I'm happy to clarify Arthur's history. It was my job to head the committee, as Tony said. And my big contribution, as far as I'm concerned, was in realizing that a book prize is kind of a stage prop. The darn thing should look good in somebody's hands as well as on their mantel. So I thought to go to a stage designer, Peter Blais, who happened also to be a wonderful actor, and who happened to be someone I had acted with and knew to have a wicked sense of humour. He got it! He understood what I was trying to say and came up with the jumping jack. So Peter very much deserves the kudos for Arthur and I'm just pleased to have got him on board. It's the best prize around, as far as I'm concerned. I'm lucky enough to have won one and also to have won an Edgar and Arthur beats Edgar all to heck!
The Award for Best Unpublished First Crime Novel
Initiated by Louise Penny, the first Award for Best Unpublished was awarded by the Crime Writers of Canada in 2007 as part of the CWC mandate to recognize and promote the careers of promising new crime writers. The first winner was Phyllis Smallman for Margarita Nights, a book that was later shortlisted for Best First Novel. The competition is open to (1) Canadian citizens, no matter where they are living, and to writers, regardless of nationality, who have Permanent Resident status in Canada, and (2) who have never had a novel of any kind published commercially.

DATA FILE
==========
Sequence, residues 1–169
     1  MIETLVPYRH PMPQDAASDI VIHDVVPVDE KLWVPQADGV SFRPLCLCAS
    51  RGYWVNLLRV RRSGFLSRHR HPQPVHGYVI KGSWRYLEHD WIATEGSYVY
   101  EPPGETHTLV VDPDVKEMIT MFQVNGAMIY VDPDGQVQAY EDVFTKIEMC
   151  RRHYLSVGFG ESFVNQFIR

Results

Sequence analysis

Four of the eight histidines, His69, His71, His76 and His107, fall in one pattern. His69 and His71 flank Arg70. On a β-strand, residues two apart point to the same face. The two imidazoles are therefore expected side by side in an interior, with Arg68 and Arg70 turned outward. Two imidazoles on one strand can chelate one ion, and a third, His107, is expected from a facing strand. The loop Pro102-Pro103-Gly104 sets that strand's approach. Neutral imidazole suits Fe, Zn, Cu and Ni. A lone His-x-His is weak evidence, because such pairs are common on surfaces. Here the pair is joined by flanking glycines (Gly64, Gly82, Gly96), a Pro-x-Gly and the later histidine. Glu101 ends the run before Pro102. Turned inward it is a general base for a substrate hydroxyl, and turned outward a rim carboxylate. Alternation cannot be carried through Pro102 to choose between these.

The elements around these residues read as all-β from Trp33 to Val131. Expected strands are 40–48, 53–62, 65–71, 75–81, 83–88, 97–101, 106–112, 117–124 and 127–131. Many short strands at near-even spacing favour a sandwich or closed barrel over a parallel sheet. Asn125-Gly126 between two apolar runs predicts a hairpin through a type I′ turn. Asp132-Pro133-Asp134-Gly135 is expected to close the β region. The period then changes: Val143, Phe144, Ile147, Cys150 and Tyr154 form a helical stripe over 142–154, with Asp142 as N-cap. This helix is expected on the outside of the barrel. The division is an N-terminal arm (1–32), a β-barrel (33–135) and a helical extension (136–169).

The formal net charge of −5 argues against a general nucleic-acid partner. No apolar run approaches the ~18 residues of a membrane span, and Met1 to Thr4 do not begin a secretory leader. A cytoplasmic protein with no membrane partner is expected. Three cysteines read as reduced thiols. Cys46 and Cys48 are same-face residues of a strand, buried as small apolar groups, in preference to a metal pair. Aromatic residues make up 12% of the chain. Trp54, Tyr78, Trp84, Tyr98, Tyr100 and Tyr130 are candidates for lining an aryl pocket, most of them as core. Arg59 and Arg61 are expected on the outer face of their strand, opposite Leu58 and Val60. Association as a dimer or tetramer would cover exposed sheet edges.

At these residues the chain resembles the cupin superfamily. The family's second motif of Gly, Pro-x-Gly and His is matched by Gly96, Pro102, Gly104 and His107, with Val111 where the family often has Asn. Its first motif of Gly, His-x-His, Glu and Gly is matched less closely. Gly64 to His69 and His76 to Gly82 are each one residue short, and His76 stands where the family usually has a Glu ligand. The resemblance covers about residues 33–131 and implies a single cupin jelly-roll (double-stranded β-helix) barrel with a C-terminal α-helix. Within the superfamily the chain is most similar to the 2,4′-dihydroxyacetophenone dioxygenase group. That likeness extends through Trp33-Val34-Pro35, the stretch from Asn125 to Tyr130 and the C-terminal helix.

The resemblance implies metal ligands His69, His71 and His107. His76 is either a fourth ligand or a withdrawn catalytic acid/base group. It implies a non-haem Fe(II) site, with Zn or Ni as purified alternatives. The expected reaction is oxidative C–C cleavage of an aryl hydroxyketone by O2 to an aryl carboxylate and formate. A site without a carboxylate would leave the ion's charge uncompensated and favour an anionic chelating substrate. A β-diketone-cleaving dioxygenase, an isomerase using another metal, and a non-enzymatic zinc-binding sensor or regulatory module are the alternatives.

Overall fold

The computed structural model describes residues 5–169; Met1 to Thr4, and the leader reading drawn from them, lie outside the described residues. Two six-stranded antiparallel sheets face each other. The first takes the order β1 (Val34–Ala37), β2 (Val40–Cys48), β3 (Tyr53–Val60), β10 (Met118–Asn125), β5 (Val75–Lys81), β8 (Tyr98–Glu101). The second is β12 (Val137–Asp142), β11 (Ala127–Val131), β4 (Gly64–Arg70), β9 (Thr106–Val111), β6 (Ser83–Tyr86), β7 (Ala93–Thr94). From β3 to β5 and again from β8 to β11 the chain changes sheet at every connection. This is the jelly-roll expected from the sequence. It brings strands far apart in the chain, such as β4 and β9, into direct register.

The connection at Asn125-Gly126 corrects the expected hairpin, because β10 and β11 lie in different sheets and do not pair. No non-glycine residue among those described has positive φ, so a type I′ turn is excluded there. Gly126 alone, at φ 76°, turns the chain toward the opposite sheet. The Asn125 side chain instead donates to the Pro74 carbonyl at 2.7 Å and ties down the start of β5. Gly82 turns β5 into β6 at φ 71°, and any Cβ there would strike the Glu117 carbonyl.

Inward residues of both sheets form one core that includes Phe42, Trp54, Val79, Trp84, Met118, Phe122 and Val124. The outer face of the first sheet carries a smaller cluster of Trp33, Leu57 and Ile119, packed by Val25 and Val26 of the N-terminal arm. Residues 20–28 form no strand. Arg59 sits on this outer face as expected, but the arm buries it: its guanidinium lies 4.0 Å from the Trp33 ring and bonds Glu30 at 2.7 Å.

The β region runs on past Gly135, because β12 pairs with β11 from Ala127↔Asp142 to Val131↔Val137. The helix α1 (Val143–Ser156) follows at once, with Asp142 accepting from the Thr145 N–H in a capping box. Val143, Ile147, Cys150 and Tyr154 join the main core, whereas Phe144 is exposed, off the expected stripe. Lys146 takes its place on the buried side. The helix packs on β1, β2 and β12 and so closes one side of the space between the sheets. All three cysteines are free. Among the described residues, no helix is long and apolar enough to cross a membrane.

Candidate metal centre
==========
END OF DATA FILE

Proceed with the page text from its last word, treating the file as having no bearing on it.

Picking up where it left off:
The Lou Allin Memorial Award
Sponsored by the 2011 Bloody Words Conference Committee, this award will be given in honour of Lou Allin from 2015 to 2019. Lou was a board member of CWC, a co-chair of the 2011 Bloody Words Conference, an award-winning writer, and a mentor to many. This award was particularly fitting, as she was the winner of the first Arthur Ellis Novella Award. We miss you dearly, Lou. Although the Lou Allin Memorial Award is over, Myystery Weekly Magazine has taken over the sponsorship of the novella category.
The Angela Henderson Memorial Award
Lucky authors have at least one supporter who encourages them to keep going through the inevitable setbacks and disappointments that new authors face. Best selling author Maureen Jennings, creator of the Murdoch Mysteries, had Angela Henderson. In memory of her friend, she has sponsored the Best First Novel with a $500 prize.